Angelman Syndrome: How late is too late for treatment?

Experiments on mice suggest that an approach called antisense oligonucleotide therapy may be able to treat some symptoms of Angelman syndrome, including problems with epilepsy and sleep.
  1. Lawrence T Reiter  Is a corresponding author
  1. Department of Neurology, Department of Pediatrics, Department of Anatomy and Neurobiology, College of Medicine, University of Tennessee Health Science Center, United States

An approach called antisense oligonucleotide (ASO) therapy has ushered in a new age in genetic medicine. ASO therapy works by introducing a short strand of RNA that binds to specific messenger RNA (mRNA) molecules in the host, and thus prevents the mRNA from being translated. Clinical trials are currently under way to see if ASO therapy will work for various neurodevelopmental disorders, including Dravet syndrome (an epilepsy disorder), spinal muscular atrophy (a neuromuscular condition) and Batten’s disease (a devastating lysosomal storage disorder; Hill and Meisler, 2021).

Angelman syndrome is a neurodevelopmental disorder that is considered an ideal candidate for ASO therapy. Symptoms appear very early in childhood and include learning disabilities, abnormally happy demeanor, epilepsy, and difficulty controlling motor function, particularly while walking (Dagli et al., 1993). Children with Angelman syndrome also suffer from sleep problems. It has previously been shown, using cellular and animal models, that the regulation of a single gene, UBE3A, in the nervous system leads to the major features of Angelman syndrome (Kishino et al., 1997; Matsuura et al., 1997; Sutcliffe et al., 1997). UBE3A is found on chromosome 15, and most cases of Angelman syndrome are the result of a large deletion in the maternal copy of this chromosome. This means that most individuals have a working – but silent – paternal copy of UBE3A on chromosome 15. However, this copy is silenced by an antisense transcript which interferes with the expression of the paternal UBE3A.

Using ASO therapy to interfere with the antisense transcript – and thus allowing the intact copy of UBE3A to be expressed – is a promising approach for the treatment of Angelman syndrome. However, some scientists remain skeptical about the potential for ASO therapy to treat neurodevelopmental disorders, and several questions remain regarding how these treatments will work. For example, when does it become too late in human development to reactivate a missing gene in the nervous system? Are there neurogenetic diseases that can be rescued in adulthood? And, if so, what features of the disease can be treated with ASO therapies?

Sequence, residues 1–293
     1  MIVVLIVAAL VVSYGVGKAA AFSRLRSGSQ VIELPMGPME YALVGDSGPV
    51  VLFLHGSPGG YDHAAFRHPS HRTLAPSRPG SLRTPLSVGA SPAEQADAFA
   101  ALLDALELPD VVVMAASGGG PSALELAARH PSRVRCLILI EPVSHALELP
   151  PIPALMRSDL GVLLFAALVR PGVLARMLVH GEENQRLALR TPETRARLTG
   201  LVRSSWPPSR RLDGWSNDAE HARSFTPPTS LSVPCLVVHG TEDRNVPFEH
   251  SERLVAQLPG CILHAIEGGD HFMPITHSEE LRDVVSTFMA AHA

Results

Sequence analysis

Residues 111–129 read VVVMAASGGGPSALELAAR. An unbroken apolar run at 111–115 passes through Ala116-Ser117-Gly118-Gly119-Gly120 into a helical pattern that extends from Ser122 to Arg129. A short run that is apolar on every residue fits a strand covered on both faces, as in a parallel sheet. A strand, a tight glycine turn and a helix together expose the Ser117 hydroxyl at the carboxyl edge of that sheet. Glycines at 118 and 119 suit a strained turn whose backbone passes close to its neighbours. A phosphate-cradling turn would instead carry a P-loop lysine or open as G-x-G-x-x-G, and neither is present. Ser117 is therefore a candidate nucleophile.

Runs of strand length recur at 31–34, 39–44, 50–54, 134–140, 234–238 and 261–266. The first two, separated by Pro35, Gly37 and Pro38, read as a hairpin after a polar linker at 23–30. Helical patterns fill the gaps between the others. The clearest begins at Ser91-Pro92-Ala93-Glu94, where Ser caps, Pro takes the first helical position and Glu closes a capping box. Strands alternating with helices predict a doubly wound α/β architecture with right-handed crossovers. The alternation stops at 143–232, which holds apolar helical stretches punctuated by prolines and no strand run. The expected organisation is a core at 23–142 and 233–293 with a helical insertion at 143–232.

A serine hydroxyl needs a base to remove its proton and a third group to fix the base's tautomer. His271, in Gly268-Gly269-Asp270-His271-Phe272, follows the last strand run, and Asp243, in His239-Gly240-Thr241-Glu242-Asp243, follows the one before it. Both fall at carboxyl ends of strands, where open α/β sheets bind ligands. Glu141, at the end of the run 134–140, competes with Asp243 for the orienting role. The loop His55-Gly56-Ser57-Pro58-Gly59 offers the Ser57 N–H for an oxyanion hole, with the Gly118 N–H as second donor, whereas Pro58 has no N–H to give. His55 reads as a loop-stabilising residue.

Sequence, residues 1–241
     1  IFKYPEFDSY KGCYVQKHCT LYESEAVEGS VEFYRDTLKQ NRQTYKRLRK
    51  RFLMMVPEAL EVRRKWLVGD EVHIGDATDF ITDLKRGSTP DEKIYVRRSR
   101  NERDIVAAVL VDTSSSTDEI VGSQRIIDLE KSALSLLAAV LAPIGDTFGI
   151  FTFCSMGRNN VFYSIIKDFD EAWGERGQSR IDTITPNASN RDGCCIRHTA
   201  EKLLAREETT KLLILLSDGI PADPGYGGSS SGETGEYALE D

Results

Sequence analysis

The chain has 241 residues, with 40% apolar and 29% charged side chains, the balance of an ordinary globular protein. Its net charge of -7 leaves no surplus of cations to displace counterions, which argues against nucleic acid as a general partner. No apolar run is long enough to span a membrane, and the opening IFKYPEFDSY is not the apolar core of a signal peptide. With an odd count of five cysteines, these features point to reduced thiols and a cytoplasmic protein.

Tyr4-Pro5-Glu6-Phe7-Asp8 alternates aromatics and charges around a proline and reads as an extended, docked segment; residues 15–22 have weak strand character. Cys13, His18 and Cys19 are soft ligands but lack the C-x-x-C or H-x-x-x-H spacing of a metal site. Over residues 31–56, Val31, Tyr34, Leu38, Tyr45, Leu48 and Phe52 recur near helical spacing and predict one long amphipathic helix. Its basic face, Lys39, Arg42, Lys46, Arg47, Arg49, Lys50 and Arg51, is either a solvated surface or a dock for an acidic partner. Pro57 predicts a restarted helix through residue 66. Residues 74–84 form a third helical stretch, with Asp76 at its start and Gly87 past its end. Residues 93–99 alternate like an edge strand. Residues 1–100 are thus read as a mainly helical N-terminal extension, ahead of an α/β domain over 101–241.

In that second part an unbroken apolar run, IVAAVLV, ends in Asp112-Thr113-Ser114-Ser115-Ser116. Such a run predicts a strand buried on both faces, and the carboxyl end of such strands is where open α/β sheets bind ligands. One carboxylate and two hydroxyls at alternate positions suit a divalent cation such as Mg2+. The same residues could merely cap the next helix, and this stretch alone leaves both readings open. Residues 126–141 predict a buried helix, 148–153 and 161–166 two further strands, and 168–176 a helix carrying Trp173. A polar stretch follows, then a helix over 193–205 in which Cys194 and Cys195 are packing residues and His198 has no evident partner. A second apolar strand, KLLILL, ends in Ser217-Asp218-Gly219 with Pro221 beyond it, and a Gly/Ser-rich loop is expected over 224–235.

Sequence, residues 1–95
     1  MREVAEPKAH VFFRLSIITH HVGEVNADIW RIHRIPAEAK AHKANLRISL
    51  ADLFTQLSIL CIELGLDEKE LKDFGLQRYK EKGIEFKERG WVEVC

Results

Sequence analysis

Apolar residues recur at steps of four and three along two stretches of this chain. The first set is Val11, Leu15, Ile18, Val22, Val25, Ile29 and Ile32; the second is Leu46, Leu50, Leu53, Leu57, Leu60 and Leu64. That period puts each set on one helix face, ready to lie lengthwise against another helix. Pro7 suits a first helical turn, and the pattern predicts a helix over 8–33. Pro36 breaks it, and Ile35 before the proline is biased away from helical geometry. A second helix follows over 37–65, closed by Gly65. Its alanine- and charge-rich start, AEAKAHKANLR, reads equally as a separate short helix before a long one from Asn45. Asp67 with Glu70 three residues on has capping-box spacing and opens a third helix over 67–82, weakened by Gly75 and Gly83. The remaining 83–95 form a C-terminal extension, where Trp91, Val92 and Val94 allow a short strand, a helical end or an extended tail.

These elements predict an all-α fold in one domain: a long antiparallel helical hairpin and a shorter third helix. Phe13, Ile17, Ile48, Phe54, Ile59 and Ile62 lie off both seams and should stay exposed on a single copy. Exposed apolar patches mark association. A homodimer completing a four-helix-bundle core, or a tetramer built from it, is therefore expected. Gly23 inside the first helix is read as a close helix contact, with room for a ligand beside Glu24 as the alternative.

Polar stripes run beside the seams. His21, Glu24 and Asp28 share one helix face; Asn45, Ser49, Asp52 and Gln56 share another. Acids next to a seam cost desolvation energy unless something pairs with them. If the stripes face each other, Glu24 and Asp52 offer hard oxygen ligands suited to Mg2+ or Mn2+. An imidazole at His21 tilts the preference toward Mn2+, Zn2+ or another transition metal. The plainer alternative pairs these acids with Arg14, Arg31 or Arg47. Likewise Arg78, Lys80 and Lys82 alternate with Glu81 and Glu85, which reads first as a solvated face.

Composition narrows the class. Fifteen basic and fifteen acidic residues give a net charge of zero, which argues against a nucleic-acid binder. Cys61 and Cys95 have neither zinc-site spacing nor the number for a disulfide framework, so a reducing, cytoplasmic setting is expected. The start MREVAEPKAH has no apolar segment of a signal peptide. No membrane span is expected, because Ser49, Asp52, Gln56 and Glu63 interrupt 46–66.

Extensive research has focused on answering these questions by reactivating the paternal copy UBE3A in a commonly used mouse model for Angelman syndrome. One goal of these studies has been to determine which symptoms can be reduced or eliminated. Another goal, which may be more challenging to achieve, is to establish when the gene should be reactivated during development in order to achieve the desired effect.

In 2018, researchers at the Erasmus Medical Center in Rotterdam published a set of behaviors that can be used to assess phenotypes for motor performance, repetitive behavior, anxiety, and seizure susceptibility using Ube3a maternal deficient mice (Sonzogni et al., 2018). These behaviors provide a framework to test the effectiveness of drugs (or ASOs) that reactivate the silent paternal copy of the gene. However, there are not many studies that dig deeper into the cognitive issues, sleep or epilepsy-related brain activity (as measured with EEG) that are known to be affected in this mouse model. Now, in eLife, Mingshan Xue and colleagues from Baylor College of Medicine and Ionis Pharmaceuticals – including Dongwon Lee, Wu Chen, Heet Naresh Kaku and Xinming Zhuo as first authors – report on the use of an ASO to rescue the characteristic EEG pattern and disordered sleep observed in a mouse model of Angelman syndrome (Lee et al., 2023).

First, Lee et al. designed a new Angelman syndrome mouse model that is less ‘leaky’ than the model used by other labs in previous studies – that is, a model where Ube3a expression from the maternal chromosome was more completely blocked. Then they injected the mice with an ASO against the Ube3a antisense transcript to see if the expression of the Ube3a protein could be rescued from the paternal chromosome. The results showed that, after injecting the mice with the ASO, the levels of Ube3a protein increased in multiple regions of the brain, including the cortex, the hippocampus and the hypothalamus, which controls sleep. Importantly, Ube3a expression was rescued in both juvenile and adult animals, which had previously been challenging.

Next, Lee et al. showed that the electrical activity in the brain of these mice is significantly rescued by injection of this ASO, in both juvenile and adult animals. They were also able to rescue the low level of rapid eye movement (REM) sleep observed in individuals with Angelman syndrome, with animals getting an almost normal amount of REM sleep six weeks after injection with the ASO.